A possible attack on Iran would require a fully-prepared US Fifth Fleet, even as its host country Bahrain is engulfed in a public uprising. A solution comes after the island nation trumpeted a future formal union with its mighty ally Saudi Arabia.
A possible move for political integration between Manama and Riyadh was announced on Monday, as Saudi Arabia hosted a Gulf Cooperation Council (GCC) meeting. Uniting just two nations of the six-strong bloc would be much easier than hammering out a union between all the Sunni-ruled monarchies.
For Bahrain, forming some sort of confederation with the strongest member of the GCC may become a solution for the ongoing political crisis. The country’s Shiite majority has been demanding constitutional reforms and an elected government since December 2011. GCC nations provided their troops to Bahrain to quell the uprising in its peak, but it did not simply go away.
GCC countries’ major regional rival Iran branded the move as an “American plan to annex Bahrain to Saudi Arabia,” and called on Iranian Shiites to take to the streets on Friday in protest against it.
Bahrain lashed out at Tehran for what was termed “Iranian interference in the affairs of the kingdom” by Foreign Minister Sheikh Khaled bin Ahmad Al-Khalifa.
“What Iranians say is not paranoid or far-fetched at all. Bahrain itself is a US naval base. They could easily, if they so desired, have a democratic regime there. But the problem with allowing democracy is that a democratic government could then tell the US to get out. So it suits the United States to have this tiny little despotism and a larger despotism in Saudi Arabia,” Middle East expert Tariq Ali told RT.
The announcement of a potential union came just days after Washington renewed supplying arms to Bahrain, which was halted on October due to the violent crackdown of protests by Manama.
The move provoked criticism from human rights groups and some US politicians and Bahraini opposition.
Riyadh voiced the idea that GCC should go for a closer political, economic and military integration after three decades of existence back in December. The plan however has seen few steps forward, as the council’s members have a variety of considerations for such a move, ranging from the smaller members’ fear of losing their identity to religious differences between the Sunni regimes.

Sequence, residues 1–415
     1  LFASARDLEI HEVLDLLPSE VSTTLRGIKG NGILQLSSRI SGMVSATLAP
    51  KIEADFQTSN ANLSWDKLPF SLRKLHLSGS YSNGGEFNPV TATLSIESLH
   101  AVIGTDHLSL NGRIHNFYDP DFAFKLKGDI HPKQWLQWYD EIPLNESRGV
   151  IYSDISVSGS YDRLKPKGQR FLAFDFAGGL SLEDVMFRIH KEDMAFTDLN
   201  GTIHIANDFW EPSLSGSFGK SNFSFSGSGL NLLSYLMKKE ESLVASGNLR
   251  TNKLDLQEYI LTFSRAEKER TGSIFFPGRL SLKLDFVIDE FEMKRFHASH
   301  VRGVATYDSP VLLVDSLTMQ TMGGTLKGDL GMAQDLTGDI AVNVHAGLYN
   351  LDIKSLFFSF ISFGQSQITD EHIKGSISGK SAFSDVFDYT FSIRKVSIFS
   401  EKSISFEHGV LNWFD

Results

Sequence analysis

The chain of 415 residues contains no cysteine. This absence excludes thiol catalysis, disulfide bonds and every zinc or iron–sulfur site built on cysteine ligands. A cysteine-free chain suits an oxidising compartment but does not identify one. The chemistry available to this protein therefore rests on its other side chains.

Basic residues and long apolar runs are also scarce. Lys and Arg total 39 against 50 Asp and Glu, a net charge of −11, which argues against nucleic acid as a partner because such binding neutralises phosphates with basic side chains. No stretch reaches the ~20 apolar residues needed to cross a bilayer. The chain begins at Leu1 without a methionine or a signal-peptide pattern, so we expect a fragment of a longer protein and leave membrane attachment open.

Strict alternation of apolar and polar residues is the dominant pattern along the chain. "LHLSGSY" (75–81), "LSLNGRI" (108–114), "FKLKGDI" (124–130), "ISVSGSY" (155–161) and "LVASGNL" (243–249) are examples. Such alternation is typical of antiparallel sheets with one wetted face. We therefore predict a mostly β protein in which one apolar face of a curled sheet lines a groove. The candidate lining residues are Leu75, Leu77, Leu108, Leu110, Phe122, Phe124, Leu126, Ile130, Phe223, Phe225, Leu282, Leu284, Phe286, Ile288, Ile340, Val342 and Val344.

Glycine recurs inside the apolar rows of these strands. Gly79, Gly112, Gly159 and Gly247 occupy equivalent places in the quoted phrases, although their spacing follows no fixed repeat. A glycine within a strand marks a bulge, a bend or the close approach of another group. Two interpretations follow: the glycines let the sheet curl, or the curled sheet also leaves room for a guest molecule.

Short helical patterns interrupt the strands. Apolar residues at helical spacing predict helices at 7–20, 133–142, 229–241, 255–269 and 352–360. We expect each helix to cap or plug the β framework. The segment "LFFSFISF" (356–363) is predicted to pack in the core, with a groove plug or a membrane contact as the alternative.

Oman, Kuwait and the United Arab Emirates reportedly mounted the strongest objections to the union. Bahrain’s current enthusiasm for a bilateral alliance with Saudi Arabia is partially explained by the already great influence that Riyadh has over the troubled tiny island state. A formal union would largely seal the status quo. But the plan has its own flaws for Saudi Arabia, Ali says.
“What the Saudis don’t realize, because they are masters of the present moment, is that were they to incorporate Bahrain into a so-called confederation, effectively swallowing it up and making it into a puppet state, the large population of Bahrainis that they would inherit would undoubtedly link up with dissidents and people fed up with Saudi monarchy inside Saudi Arabia itself,” he explained.
Domestic turmoil may be something Saudi Arabia cannot afford at the moment, says Professor Seyed Mohammad Marandi, from the University of Tehran.
“The Saudi dictator is very old and there is a succession struggle. There are thousands of princes who want a bigger piece of the cake. So the Saudi regime is growing more and more unstable,” he told RT.
“The United States has typically used Saudi Arabia similar to the Roman Empire used gladiators – the Saudis have always funded the wars against other nations that the US has been interested in,” independent researcher and writer Soraya Sepahpour-Ulrich told RT.
“What America is hoping to achieve is for the most fundamental, most radical elements of Islam to be left whilst more moderate regimes have been disbanded. This would give America and its partner Israel an excuse to wage a war against those fundamental regimes,” she said.